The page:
Chapter 7

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The shuttle creaked and rattled through the thick atmosphere of the planet. It cut its way through the air, flaming toward the hazy surface.

Inside, there was a group of humans. Many were trying to remain calm as their vessel shrieked and twisted. Others made no such effort and were openly terrified. Some clutched pictures of loved ones, or each other, or the armrests. There were one or two who had fainted, and a few that remained unfazed by the re-entry. One, by the name of James Masozi sat huddled in his seat, staring out the porthole to his left. Flames lapped at it, bathing the interior of the shuttle in a dazzling yellow light. James found the light show simultaneously beautiful and terrifying, and saw some beauty in that duality.

The shuttle, bereft of any opinion on the matter, continued to blaze its way through the upper atmosphere of Gaea. Eventually it had slowed sufficiently to stop heating the air in front of it, and coasted through the dense air on stubby wings.

James looked out the window at the hazy landscape rolling below. It was blood red under the afternoon sun, a flat plain interrupted by a boulder here and there. In the distance, a sizable lake was visible, surrounded by multiple satellite ponds. A huge mass on the horizon indicated a mountain range.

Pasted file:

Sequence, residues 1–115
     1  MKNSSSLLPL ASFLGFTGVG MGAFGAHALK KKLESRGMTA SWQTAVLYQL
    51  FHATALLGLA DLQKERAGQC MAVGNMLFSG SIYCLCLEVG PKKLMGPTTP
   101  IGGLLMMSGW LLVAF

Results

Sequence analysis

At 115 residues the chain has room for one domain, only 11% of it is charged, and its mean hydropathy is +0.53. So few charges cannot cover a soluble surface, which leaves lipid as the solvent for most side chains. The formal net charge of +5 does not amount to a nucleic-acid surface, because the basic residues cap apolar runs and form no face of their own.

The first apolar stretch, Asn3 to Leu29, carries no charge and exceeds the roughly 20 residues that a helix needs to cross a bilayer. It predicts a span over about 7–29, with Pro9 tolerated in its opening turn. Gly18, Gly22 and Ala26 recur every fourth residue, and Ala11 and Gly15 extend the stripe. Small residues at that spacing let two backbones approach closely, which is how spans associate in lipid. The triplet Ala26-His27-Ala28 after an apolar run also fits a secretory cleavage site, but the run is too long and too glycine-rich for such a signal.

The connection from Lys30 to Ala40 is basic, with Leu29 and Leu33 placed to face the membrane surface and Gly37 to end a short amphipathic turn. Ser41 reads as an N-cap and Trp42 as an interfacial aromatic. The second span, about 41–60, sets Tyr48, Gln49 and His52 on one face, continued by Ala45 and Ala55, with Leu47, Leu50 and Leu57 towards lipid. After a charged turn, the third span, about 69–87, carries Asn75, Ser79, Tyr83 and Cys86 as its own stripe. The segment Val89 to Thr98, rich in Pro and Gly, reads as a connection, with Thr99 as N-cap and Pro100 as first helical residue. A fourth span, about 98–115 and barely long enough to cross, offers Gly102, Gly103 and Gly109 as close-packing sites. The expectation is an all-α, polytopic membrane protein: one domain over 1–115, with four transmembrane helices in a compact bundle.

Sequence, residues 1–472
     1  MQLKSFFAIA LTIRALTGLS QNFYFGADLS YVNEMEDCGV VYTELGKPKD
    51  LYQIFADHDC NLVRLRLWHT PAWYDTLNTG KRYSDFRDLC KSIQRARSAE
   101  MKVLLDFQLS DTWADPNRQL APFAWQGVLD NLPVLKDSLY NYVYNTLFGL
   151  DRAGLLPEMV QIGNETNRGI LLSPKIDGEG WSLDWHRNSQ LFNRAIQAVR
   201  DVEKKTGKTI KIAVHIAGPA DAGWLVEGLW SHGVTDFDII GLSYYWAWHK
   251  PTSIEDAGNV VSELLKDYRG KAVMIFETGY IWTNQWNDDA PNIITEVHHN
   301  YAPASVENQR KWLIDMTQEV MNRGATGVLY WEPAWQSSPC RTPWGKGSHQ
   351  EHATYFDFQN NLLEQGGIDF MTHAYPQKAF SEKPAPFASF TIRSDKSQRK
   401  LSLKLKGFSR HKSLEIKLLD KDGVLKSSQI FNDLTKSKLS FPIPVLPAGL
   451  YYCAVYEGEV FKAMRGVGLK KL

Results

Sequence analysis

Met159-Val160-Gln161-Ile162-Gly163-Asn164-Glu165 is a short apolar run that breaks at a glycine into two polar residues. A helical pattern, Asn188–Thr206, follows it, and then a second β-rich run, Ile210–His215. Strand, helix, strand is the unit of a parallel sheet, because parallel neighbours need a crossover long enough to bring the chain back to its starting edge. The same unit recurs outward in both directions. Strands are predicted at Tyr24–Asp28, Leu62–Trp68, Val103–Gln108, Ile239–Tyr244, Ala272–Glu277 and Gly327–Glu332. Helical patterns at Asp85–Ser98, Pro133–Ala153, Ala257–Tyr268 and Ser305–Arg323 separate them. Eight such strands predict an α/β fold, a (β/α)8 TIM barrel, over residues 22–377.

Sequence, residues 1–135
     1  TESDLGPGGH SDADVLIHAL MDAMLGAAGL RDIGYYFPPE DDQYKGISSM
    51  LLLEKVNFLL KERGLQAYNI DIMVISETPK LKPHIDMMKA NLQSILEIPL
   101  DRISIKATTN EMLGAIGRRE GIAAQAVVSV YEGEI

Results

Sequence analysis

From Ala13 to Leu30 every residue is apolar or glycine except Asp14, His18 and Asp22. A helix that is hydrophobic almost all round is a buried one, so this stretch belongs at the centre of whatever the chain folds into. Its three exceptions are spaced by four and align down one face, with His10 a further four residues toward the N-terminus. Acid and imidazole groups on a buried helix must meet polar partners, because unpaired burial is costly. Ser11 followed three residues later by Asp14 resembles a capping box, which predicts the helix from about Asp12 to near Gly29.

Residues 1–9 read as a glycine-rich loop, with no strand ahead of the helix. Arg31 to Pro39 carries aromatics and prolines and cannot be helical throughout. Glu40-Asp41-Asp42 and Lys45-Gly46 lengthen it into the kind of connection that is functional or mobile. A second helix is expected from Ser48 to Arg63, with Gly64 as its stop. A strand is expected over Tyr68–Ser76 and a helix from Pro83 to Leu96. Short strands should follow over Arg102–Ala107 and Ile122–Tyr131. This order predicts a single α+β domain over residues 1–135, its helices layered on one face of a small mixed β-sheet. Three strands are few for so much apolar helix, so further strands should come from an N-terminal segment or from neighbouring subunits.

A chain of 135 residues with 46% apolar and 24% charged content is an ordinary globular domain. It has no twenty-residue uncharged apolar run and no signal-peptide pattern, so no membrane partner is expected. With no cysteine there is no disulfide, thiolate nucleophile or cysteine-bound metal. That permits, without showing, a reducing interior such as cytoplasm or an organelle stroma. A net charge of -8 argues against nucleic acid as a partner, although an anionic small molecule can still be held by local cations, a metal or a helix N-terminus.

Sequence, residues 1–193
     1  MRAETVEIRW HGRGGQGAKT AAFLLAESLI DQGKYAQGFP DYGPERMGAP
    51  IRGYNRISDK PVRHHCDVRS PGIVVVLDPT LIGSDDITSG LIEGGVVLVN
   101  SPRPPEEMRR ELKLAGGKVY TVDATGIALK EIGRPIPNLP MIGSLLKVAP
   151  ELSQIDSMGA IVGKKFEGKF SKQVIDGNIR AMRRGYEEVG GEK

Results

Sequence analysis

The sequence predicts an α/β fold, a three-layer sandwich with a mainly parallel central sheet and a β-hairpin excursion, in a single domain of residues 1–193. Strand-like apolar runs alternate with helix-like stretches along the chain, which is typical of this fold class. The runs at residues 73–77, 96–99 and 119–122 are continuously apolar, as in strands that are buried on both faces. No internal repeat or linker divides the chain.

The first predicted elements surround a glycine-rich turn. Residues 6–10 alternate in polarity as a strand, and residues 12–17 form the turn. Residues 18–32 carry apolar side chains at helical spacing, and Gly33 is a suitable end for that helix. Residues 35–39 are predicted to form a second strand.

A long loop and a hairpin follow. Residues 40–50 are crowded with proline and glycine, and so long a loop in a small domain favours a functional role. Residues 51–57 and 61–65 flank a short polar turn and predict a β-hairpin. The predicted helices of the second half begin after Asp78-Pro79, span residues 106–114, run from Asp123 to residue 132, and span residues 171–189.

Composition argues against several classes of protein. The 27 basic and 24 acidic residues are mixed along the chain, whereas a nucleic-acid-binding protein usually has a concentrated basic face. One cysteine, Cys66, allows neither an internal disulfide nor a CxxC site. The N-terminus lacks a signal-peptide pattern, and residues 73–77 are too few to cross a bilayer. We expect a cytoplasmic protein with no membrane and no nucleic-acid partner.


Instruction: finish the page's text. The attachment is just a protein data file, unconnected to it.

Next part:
The flight was much smoother now, and the shuttle glided slowly downward. The people inside began to settle, and wait for the spacecraft to land.

Twenty minutes passed uneventfully. Many of the colonists had fallen asleep, attempting to recover those hours of rest they had lost while in transit. James listened to some music while observing the grand vista below him, bobbing his head to the sound of Tsiolkovsky. Costanza sat beside him, content to watch the faces of those around her. Some were afraid, others alight with excitement. A few, uninteresting faces were slack-jawed in slumber. Her own father had the empty, almost bored look that she herself had. Interesting.

Slowly, the shuttle drifted toward the ground below, like a feather on the wind. The descent was maddeningly dull, and James soon found himself slipping away on the waves of music. He closed his eyes.

James woke to Costanza's insistent poking. He smiled and looked to her momentarily before turning to the window.

To his great surprise, the ground was just a few meters away and flying up to meet him.

He reflexively curled up into a protective ball as the shuttle fired its retrorockets, then struck the ground at a jarring speed. Those who were sleeping were unceremoniously flung from their seats, while the rest held on against the impact. The keel of the spacecraft plowed through the dry soil, gouging the first of humanity's marks on this pristine world. Eventually, the shuttle shrieked to a halt.

For some time, the shuttle sat silent and dead on the surface of the alien world. It gleamed white in the afternoon sun, grossly out of place in the barren dust and stone, the pale dot in a desert of orange. The wind howled against the shuttle, making the metal sing.